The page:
From the article on Atlas Obscura
At the International Museum of World War II in Natick, Massachusetts, swastikas line the path to the central victory zone on a swastika-shaped pachisi-style board made in wartime Germany. On another propaganda game in the collection, children could play at encircling the British coastline with tiny U-boats.
Kenneth Rendell, the museum’s founder, says that Nazi power derived partly from such shrewd product design. Manufacturers applied symbols of anti-Semitism and death to toys, along with all manner of other household furnishings, from Christmas ornaments to lightbulb filaments. The racist objects, even if they never directly incited heinous acts, would have inured the owners to the prospect of violence all around them.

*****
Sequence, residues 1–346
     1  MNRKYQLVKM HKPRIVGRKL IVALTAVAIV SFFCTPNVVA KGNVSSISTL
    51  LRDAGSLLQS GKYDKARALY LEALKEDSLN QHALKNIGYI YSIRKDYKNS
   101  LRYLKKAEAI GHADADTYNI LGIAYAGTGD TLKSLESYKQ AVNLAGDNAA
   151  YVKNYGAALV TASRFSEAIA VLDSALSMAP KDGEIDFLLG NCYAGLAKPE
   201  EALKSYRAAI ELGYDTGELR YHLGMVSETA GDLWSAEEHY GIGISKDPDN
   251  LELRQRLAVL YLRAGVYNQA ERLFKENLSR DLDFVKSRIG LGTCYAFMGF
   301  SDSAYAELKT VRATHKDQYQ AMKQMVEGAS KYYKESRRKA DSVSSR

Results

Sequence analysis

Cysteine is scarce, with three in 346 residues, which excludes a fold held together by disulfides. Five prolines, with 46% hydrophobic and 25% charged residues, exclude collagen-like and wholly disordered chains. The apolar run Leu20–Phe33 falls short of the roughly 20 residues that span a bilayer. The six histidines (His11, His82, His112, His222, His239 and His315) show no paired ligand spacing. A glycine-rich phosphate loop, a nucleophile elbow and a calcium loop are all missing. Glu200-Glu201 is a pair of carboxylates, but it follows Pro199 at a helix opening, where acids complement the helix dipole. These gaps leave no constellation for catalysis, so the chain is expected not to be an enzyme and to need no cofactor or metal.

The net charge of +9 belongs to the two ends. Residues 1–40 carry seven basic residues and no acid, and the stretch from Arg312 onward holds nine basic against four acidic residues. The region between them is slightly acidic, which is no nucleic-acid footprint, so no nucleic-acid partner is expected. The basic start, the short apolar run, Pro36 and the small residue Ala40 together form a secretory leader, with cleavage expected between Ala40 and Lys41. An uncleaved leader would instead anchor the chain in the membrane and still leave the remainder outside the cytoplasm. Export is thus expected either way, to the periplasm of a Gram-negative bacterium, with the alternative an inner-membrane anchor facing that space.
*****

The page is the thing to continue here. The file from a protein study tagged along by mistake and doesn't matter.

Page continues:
“The real power of evil,” Rendell says, “is to make it normal.”